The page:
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Compare 1577 edition: 1 2 In ech of these thrée armies were fiue hundred ar|med men, and foure hundred archers. In the reregard were appointed fiue hundred men of warre, vnder the gouernance of sir Hugh Caluerlie. Beside sir Iohn Chandois, & other Englishmen recited by Froissard, there was the lord William Latimer, as one of the chiefe on the earle of Mountfords side. There were not past sixtéene hundred good fighting men on that side, as Thomas Walsingham plainelie writeth. Now when the hosts were ordred on both sides (as be|fore we haue said) they approched togither, the French|men came close in their order of battell, and were to the number of fiue and twentie hundred men of armes, after the manner of that age, beside others. Euerie man had cut his speare (as then they vsed, at what time they should ioine in battell) to the length of fiue foot, and a short ax hanging at his side. At the first incounter, there was a sore battell, and trulie the archers shot right fiercelie, howbeit their shot did litle hurt to the Frenchmen, they were so well ar|med and furnished: the archers perceiuing that (be|ing big men and light) cast awaie their bowes,The wor [...] actiuitie of the English ar|chers. and entered in amongst the Frenchmen that bare the axes, and plucked them out of their hands, wherwith they fought after right hardlie. There was doone ma|nie a noble feat of armes, manie taken, and rescued againe.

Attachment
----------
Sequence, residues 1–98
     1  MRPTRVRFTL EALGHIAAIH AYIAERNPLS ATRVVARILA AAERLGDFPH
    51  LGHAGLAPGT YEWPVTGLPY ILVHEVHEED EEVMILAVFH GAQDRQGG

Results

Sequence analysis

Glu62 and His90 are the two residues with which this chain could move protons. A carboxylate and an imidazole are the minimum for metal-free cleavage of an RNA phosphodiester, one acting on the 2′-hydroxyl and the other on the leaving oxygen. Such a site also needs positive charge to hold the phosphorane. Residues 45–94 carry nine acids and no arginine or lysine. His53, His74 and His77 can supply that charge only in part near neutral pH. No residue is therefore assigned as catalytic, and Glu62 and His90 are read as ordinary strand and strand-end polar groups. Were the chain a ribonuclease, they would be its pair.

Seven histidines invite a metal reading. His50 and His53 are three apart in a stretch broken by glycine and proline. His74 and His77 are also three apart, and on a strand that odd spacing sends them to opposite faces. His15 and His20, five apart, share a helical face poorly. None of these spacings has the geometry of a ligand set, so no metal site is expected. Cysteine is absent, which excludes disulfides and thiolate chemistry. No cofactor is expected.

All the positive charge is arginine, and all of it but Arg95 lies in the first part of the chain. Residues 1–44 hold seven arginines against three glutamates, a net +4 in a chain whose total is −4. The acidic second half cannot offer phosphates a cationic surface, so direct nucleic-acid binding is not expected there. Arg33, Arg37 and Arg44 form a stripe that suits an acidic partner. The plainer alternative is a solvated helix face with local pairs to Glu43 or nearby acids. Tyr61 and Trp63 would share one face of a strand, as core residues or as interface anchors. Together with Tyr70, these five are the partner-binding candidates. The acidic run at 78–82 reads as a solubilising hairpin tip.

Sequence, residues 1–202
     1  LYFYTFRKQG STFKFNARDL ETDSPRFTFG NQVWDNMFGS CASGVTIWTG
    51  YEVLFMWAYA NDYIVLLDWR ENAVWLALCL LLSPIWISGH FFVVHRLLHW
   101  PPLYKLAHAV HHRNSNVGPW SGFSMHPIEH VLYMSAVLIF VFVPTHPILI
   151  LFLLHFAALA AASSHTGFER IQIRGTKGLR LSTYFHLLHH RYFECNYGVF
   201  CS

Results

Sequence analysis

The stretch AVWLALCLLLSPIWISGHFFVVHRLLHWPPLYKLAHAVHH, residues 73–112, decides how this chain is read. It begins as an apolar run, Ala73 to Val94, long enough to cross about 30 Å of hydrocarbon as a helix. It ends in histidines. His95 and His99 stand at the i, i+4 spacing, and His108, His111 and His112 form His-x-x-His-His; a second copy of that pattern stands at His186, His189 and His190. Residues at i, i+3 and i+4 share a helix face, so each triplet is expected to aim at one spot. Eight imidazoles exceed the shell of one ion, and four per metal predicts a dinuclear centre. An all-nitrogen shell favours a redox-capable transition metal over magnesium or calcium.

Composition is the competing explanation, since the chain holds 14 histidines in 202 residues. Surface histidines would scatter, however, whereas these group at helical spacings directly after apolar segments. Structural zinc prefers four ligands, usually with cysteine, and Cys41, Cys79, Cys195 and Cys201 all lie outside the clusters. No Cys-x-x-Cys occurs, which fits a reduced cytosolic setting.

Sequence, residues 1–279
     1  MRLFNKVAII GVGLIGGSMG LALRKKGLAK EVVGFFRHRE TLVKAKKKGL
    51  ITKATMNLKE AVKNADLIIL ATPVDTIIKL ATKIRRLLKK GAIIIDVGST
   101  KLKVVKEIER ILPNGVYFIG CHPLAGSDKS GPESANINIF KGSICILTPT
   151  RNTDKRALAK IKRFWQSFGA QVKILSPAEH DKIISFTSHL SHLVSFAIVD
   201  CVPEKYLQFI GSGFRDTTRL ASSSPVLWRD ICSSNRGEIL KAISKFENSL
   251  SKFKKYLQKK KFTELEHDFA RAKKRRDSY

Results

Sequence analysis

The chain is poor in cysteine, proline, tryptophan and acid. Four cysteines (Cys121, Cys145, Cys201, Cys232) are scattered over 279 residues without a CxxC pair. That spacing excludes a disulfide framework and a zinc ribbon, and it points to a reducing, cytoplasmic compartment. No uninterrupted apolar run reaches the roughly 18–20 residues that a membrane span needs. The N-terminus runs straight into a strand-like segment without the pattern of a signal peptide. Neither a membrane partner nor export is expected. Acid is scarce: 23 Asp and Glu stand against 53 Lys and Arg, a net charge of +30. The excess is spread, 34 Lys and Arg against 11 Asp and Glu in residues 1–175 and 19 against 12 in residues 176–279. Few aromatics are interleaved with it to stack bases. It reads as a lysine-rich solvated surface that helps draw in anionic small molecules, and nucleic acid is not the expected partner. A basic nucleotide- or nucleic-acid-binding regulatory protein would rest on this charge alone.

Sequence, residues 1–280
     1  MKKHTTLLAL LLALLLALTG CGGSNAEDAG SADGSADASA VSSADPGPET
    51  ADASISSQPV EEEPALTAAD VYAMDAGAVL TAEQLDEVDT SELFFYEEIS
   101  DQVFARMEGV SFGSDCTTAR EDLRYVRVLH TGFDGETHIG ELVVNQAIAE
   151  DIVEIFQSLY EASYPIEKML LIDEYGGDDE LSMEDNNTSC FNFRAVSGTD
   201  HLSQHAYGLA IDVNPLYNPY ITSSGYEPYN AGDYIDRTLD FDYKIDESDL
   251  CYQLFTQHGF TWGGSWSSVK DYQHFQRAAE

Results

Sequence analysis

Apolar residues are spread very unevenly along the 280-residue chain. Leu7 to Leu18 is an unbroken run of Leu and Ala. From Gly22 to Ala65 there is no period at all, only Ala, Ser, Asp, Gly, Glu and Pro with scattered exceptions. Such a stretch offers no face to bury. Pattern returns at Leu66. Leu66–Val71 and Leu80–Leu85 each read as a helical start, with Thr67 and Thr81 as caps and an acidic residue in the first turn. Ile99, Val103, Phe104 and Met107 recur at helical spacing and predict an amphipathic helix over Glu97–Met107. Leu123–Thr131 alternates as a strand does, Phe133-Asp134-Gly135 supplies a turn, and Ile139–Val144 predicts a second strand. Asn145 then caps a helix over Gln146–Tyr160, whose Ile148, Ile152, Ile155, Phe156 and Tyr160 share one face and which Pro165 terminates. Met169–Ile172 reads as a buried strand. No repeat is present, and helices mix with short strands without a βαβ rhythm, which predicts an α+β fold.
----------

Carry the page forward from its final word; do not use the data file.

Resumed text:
Compare 1577 edition: 1 EEBO page image 397Against the earle of Montfords battell, fought the battell which the lord Charles de Blois ruled, and at the first, the earle of Montfords part was sore op|pressed, and brought out of order in such sort, that if sir Hugh Caluerlie had not in time releeued them, the losse had runne on that side; but finallie so long they fought, that all the battels assembled and ioined each to other, except the reregard of the English|men, whereof (as is said) sir Hugh Caluerlie was chéefe.Sir Hugh Caluerlie. He kept alwaies his battell on a wing, and euer succoured where he saw néed. At length, the Frenchmen not able to indure the valiant dooings of their aduersaries, began to breake. First the earle of Auxerres batell was discomfited, and put to flight, and the said earle sore woimded,The earle of Auxerre takẽ prisoner. and taken prisoner, but the battell of sir Berthram de Cleaquin as yet stood manfullie at defense, howbeit at length the Englishmen perforce opened it, and then was the said sir Berthram taken prisoner,Sir Berthrã de Cleaquin. vnder the banner of sir Iohn Chandois.

Compare 1577 edition: 1 2 3 Héerewith also, all the other battels of the French|men and Britaines, on the part of the lord Charles de Blois, were cleane discomfited, and put out of ar|raie, so that such as resisted, and stood at defense, were slaine and beaten downe, and amongst others, the lord Charles was there slaine himselfe, and all other either taken or slaine, except those that escaped by flight, amongst the which there were not manie of the nobilitie. For (as Thomas Walsingham saith) there were slaine about a thousand men of armes, and there were taken two earles, seuen and twentie lords, and fifteene hundred men of armes. The chase was followed to the citie of Reimes, eight great leagues from the place where the battell began. Af|ter this victorie, the earle of Montford conquered manie townes and castels in Britaine, whereof the French king being aduertised, sent his brother the duke of Aniou, vnto the wife of the lord Charles of Blois now deceassed, to comfort hir in such an heauie case, and to take order for things as should be thought expedient, vntill further prouision might be made.

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